# Hilbert, David (1862–1943)

David Hilbert was a German mathematician and one of the colossi of his subject in
the twentieth century. His most important discovery was of what is now called Hilbert space. He was also a master of
mathematical organization. During the early phase of his career, Hilbert
reorganized number theory, crystallizing
his conclusions in the classic book *Der Zahlbericht* (The Theory of
Algebraic Number Fields, 1897). He then moved into geometry and performed
a similar service by setting forth the first rigorous set of geometrical
axioms in his *Grundlagen der Geometrie* (Foundations of Geometry,
1899). He invented a simple space-filling
curve now known as the **Hilbert curve** and also proved Waring's conjecture.

At the Paris International Congress of 1900, Hilbert proposed 23 outstanding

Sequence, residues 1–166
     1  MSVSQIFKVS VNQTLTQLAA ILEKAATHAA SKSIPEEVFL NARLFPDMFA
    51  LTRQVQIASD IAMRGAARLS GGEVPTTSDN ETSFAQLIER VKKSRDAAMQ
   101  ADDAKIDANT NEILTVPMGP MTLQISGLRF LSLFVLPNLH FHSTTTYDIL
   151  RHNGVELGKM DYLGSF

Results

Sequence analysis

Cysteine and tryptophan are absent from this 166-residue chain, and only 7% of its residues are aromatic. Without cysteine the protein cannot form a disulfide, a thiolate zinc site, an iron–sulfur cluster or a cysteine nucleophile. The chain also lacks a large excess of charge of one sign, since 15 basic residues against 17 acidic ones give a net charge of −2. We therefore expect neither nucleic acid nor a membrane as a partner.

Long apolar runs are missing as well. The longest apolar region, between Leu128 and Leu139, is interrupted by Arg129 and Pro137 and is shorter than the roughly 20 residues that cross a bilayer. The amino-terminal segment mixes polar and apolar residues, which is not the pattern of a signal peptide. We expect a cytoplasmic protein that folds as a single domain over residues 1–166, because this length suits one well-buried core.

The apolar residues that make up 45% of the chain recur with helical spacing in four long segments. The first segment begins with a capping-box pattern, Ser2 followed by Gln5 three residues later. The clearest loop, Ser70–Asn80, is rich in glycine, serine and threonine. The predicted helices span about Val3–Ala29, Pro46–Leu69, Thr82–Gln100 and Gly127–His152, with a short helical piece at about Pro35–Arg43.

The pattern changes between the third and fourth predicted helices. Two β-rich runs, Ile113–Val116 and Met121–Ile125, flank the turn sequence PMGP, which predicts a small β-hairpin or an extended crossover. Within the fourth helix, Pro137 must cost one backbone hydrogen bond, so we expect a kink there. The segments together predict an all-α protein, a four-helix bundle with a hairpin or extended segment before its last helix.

problems in mathematics to whose solutions he believed twentieth-century
mathematicians should devote themselves. These problems have come to be
known as **Hilbert's problems**, and a number still remain
unsolved today. Hilbert's mathematical philosophy is partly revealed by
a couple remarks, one of which he made after learning that a student in
his class had dropped the subject in order to become a poet. "Good," he
said. "He did not have enough imagination to become a mathematician." Whether
he really believed the second is open to question: "Mathematics is a game
played according to certain simple rules with meaningless marks on paper."

Hilbert's dream was that it would be possible to prove or disprove all mathematical questions starting with only one set of well-defined rules and assumptions. In 1931 Kurt Gödel showed that this could not be achieved.